[1] In her study, Katve-Kaisa Kontturi emphasises a neo-materialist approach in which a bodily experience of art can also be part of critical research. Katve-Kaisa Kontturi, Following the flows of process: a new materialist account of contemporary art, University of Turku, Turku, 2012, 22–24.

Featured image: Anna Rapinoja, Autumn Party Shoes, 2010, made from northern bilberry leaves, from the series ‘Wardrobe of Nature’, 2005–11, Museum of Contemporary Art Kiasma. Photo: Finnish National Gallery / Pirje Mykkänen

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Heli Rekula, Skein, 2000, Museum of Contemporary Art Kiasma. Photo: Finnish National Gallery / Petri Virtanen.

From Monitor to Gallery Space – Spatialisation of the Moving Image in Finnish Video Art in the 1990s

Kati Kivinen, Curator, Museum of Contemporary Art Kiasma, Finnish National Gallery

One of the main trends in both the video art and photography of the 1990s is related to spatial works of art rapidly becoming more common in both domestic and international contemporary art. In video art, the projected and multi-screen video installation quickly replaced earlier sculptural video installation art, which still depended on monitors as the image source. In the video art of the 1990s, the partner in dialogue was more often cinema rather than television, and the emphasis shifted from the political video art of the 1970s, which had used TV aesthetics, to more experiential video art that returned to cinema aesthetics (Iles 2003; Kotz 2005/2008). In the late 1980s and early 1990s, photography turned to installation’s new ways of presenting and interpreting in an effort to break away from the documentary tradition, and to pursue the fine art dimension of photography in particular (Rinne 1997, 11; Elovirta 1999, 199–201).

The new spatial trends in the field of art soon also inspired various attempts to compartmentalize and define the new spatial forms of expression in both moving image and photography. At the turn of the millennium, terms such as gallery film, used in Anglo-American discourse, and cinéma d’exposition (cinema of exhibition), based on French research, established their presence in the discourse on spatial forms of the moving image, while in photography, the discussion was situated somewhere between the points of fine art photography and fine arts. In Finland, these fields had only just started to move towards one another at the beginning of the 1990s. The outbreak of photography into space mainly took place through conceptual art, when the photograph – no longer merely a pure aesthetic object, but now a part of a process – broke out of its frame, expanding the traditional boundaries of the medium and seeking to find new ways and forms for the expression traditionally imposed on it (Hietaharju 1992). Later, photography also showed signs of moving towards cinematic representation in the works of significant photographers of the 1990s such as Jeff Wall and Andreas Gursky. One of that decade’s central phenomena in photography became the monumental ‘cinematic tableaux’, which, in art-historian Liz Kotz’s opinion, brought together the high culture aspirations of painting and the pop culture appeal of Hollywood (Kotz 2005, 105).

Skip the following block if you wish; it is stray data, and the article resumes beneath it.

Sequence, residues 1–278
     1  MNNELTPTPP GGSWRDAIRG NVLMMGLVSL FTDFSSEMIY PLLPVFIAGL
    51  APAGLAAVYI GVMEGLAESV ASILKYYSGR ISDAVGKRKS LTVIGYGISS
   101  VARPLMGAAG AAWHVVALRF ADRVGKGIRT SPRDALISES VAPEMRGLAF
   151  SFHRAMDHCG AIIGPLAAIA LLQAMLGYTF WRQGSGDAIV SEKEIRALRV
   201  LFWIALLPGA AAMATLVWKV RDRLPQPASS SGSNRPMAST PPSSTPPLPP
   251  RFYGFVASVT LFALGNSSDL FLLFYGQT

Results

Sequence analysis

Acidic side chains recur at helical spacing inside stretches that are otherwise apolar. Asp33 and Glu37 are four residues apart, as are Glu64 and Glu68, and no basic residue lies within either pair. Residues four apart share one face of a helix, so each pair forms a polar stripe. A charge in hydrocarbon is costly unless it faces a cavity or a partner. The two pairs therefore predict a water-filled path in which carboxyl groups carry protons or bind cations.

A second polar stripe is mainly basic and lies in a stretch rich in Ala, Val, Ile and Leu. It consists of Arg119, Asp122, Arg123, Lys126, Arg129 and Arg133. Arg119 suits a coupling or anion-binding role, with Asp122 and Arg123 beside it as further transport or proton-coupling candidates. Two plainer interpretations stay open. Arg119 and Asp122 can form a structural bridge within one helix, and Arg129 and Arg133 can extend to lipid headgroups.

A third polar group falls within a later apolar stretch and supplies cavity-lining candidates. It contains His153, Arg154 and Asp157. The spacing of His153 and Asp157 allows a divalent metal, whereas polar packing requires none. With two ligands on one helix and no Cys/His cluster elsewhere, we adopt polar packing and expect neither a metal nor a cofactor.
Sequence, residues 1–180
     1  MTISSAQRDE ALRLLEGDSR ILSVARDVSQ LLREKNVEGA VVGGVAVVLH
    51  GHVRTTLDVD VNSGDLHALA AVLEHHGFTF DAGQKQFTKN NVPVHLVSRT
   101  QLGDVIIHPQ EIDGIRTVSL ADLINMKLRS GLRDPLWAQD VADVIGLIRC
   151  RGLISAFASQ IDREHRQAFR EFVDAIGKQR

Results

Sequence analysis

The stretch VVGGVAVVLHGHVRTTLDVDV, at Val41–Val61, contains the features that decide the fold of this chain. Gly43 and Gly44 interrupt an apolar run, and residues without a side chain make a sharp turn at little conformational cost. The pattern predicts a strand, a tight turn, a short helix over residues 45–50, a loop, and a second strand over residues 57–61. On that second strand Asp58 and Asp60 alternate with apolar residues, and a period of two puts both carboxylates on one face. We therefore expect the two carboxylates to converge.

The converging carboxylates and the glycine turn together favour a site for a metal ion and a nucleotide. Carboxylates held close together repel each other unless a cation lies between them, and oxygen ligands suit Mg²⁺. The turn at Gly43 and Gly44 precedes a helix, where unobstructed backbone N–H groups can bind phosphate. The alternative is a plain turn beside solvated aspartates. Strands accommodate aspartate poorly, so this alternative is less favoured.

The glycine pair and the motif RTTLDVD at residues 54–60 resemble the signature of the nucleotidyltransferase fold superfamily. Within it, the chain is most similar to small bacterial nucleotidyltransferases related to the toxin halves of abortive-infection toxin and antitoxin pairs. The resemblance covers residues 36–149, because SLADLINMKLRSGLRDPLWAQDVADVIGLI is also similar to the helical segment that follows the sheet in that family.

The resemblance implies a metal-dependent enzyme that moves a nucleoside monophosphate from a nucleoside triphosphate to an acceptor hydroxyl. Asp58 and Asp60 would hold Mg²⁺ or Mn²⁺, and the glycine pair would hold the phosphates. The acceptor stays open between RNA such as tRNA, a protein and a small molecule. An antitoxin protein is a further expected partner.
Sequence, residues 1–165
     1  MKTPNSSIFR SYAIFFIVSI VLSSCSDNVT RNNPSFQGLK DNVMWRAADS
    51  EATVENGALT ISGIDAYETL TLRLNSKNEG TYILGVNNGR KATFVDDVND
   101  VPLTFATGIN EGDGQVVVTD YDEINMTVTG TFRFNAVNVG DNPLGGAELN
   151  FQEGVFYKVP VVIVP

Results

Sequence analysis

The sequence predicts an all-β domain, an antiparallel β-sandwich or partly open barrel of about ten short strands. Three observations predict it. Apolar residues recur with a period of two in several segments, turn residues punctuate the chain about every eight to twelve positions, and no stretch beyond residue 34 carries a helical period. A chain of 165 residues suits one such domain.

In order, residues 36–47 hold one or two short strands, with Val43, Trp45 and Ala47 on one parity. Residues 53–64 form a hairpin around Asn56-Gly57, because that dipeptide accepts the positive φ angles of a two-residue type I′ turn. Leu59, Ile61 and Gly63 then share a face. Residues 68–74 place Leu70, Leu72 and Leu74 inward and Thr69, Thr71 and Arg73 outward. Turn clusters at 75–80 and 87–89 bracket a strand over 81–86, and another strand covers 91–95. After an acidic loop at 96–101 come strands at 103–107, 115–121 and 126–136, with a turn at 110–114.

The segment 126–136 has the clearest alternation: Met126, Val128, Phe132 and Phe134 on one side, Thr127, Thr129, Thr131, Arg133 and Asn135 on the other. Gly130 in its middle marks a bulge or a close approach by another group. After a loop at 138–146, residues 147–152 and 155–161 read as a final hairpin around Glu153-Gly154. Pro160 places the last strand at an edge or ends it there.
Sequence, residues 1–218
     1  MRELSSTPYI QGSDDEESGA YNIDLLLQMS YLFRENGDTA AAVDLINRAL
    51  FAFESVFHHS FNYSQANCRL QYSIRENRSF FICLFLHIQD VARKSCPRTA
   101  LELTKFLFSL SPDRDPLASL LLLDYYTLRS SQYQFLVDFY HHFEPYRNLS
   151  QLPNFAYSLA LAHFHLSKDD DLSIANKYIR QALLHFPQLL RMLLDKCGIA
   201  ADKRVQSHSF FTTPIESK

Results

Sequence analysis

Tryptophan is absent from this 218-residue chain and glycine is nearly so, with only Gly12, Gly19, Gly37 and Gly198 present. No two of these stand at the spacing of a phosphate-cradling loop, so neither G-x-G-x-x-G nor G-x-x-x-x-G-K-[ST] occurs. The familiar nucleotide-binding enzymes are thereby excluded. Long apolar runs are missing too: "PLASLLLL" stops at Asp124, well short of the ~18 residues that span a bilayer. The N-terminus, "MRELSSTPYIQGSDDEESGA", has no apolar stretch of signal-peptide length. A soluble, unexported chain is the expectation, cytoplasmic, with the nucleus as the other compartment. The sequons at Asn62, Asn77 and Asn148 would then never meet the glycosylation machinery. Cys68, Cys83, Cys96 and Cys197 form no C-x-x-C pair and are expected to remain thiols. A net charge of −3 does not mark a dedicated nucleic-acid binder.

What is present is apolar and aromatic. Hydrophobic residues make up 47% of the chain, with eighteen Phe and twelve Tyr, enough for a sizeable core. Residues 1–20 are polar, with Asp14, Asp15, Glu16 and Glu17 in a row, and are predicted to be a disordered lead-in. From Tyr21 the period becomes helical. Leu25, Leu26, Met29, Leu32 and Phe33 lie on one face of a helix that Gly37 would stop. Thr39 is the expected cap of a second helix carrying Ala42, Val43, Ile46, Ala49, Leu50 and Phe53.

This development started around the same time in both art forms; however, in photography, it withered quickly. In Finnish art large-scale projected video installations – often in multi-screen format – had great exposure at the turn of the millennium in both domestic and international exhibitions, and were often accompanied by Finnish photography. The significant difference was, however, that coming into the new millennium, photography abandoned installations and ‘returned to the walls’. Director of the Finnish Museum of Photography Elina Heikka sees signs of ‘business economic rationality’ in this development, which, in the internationalization of the art world, shuns the more experimental forms of art and favours easily movable pieces that can be placed in different kinds of spaces (Heikka 2004).

Featured image: Heli Rekula, Skein, 2000, Museum of Contemporary Art Kiasma. Photo: Finnish National Gallery / Petri Virtanen